Specialist craftsmen were brought in from further afield. The carpenter came up from his workshop in Marseille to measure, create and fit the bespoke oak units in the main ground floor kitchen and the secondary corner kitchen in the salon (lounge). He ripped out fifteen rotting windows front and back of the building then fitted bespoke new ones having added double glazing.
The vaulted ceiling in the entrance hall and staircase hand rail were created by a craftsman, well known for his work in religious buildings, who spent several weeks on site. All the iron work – the external and internal doors and various hand rails – were the creation of a blacksmith from a village further south.
The materials used to accomplish these projects were sourced from many different countries and areas. The stone kitchen sinks came from Spain; a lot of the tiles from Italy and others ordered especially from the local village of Salernes famous for it’s tile making. All the kitchen taps and bathroom shower units came from Barber Wilsons & Co in London who are the one remaining European manufacturer of solid brass plumbing. And in contrast to all this, the bathroom sinks came from the shop just next door where William Offner is the last remaining ‘Master Faiencier”(master potter) in the village and with designs in hand created seven white glazed sinks each different from the other in size and shape.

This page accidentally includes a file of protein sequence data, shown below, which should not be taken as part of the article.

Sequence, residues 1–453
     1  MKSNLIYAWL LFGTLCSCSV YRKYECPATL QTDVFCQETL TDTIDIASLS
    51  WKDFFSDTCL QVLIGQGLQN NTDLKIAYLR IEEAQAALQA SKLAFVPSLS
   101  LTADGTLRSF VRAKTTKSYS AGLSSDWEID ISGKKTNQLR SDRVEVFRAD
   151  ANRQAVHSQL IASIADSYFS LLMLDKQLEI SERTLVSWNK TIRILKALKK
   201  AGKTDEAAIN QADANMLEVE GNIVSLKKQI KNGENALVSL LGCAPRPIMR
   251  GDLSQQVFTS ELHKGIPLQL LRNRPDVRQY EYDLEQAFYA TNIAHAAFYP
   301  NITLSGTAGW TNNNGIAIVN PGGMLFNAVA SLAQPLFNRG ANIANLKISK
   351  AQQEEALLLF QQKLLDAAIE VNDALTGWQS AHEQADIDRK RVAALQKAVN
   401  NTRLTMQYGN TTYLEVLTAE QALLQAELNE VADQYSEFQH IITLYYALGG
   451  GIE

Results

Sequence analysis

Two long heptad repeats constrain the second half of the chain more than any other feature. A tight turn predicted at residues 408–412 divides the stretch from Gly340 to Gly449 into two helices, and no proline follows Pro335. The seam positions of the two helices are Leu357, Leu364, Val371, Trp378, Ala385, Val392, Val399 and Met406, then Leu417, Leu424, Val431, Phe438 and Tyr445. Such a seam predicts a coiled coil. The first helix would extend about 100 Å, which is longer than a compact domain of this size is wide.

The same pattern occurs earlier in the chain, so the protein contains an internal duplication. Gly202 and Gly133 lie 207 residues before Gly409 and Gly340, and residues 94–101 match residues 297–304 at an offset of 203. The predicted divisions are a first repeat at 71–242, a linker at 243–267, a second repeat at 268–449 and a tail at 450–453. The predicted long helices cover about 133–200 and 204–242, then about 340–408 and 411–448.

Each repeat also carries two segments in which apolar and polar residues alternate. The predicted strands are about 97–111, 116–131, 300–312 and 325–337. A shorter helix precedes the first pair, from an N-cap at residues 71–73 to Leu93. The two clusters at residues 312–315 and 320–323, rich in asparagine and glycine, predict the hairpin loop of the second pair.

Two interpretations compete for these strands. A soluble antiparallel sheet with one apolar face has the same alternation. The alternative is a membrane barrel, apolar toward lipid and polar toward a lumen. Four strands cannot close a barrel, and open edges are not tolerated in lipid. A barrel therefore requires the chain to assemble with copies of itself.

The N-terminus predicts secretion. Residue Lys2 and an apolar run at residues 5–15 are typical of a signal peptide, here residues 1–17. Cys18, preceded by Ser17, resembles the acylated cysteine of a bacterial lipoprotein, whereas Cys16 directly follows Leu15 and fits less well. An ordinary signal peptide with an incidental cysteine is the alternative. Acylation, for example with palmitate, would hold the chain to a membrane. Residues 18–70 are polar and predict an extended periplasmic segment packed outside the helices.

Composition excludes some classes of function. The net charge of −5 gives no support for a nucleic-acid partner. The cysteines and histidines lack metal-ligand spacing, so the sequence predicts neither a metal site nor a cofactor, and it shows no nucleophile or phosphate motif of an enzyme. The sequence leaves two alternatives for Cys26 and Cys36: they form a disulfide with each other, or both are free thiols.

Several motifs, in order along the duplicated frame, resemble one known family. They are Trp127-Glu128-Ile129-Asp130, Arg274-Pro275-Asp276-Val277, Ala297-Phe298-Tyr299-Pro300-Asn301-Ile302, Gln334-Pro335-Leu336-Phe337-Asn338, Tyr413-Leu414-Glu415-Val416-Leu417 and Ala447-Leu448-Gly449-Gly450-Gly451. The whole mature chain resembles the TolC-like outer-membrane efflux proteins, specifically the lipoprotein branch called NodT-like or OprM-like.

The project also attracted a special group of helpers: a chance meeting in a bar lead to an English guy living in a nearby village, becoming the ‘right hand man’ on the project; a fellow expat volunteered his help and faithfully turned up one day a week with work gloves in hand; there was a visit from some elderly ladies who had heard we needed to replace many of the tommette floor tiles and offered to contribute what they had uncovered in their basements; and then a group of entrepreneurial kids who would knock on the front door after school and spend the rest of their afternoon cleaning the gifted old tiles in return for a financial contribution.
During a 10 month period, a total of 73 craftsmen and general builders worked on the property and by spring 2004 ‘La Masion du Faiencier’ welcomed its first summer clients who’d flown in for a week’s holiday from Boston, USA.
The façade (front) of the house was completely restored and renovated in 2015 by a local artisane who has the reputation for being the best at what he does in the county. The shape of the garage door was re-created in stone sourced from the area and a 4 part bi-folding door built by the Marseille-based carpenters who did all the other specialist woodwork in the house.
Latterly there has been a lot of work done on the 73m² basement. A cour anglaise was added to the garden side allowing a great deal more fresh air and light into the space; the stone walls and vaulted ceiling sandblasted clean; the floor leveled and covered with stone chippings; the inside of the cuve à vin (stone wine vat) exposed in all its glory; and two light gantries fitted.